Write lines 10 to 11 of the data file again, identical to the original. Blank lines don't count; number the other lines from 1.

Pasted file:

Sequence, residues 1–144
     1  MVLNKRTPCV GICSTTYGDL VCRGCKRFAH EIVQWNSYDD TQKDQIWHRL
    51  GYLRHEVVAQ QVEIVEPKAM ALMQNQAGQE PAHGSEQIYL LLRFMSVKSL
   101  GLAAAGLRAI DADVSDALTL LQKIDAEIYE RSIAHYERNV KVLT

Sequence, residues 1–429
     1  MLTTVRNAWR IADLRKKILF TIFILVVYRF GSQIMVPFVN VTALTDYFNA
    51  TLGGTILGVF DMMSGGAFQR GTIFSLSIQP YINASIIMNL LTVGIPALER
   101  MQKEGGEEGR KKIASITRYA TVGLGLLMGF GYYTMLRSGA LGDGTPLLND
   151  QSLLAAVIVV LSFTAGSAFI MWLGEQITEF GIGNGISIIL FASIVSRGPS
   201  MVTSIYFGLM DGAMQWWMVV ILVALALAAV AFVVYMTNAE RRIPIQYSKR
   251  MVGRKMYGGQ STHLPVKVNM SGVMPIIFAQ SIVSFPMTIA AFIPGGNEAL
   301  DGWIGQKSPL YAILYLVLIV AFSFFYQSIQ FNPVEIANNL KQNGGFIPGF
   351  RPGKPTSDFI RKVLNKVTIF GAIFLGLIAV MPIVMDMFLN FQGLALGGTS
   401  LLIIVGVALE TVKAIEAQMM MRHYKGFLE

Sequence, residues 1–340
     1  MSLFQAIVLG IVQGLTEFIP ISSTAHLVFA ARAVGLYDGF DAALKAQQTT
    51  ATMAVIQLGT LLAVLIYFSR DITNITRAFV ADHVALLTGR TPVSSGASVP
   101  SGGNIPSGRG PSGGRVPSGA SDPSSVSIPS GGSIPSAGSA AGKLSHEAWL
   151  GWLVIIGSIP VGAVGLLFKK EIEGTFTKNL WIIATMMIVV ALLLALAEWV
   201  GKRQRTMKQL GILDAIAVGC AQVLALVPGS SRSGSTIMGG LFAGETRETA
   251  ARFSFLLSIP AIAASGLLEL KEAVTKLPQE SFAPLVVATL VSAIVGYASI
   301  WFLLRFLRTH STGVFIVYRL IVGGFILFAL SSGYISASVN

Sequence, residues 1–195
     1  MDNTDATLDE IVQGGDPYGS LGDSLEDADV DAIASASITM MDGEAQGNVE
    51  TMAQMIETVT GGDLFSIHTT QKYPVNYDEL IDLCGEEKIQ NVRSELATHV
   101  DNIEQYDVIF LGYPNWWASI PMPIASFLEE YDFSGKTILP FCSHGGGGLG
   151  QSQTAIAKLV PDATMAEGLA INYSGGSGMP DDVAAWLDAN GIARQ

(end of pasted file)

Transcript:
   201  MVTSIYFGLM DGAMQWWMVV ILVALALAAV AFVVYMTNAE RRIPIQYSKR
   251  MVGRKMYGGQ STHLPVKVNM SGVMPIIFAQ SIVSFPMTIA AFIPGGNEAL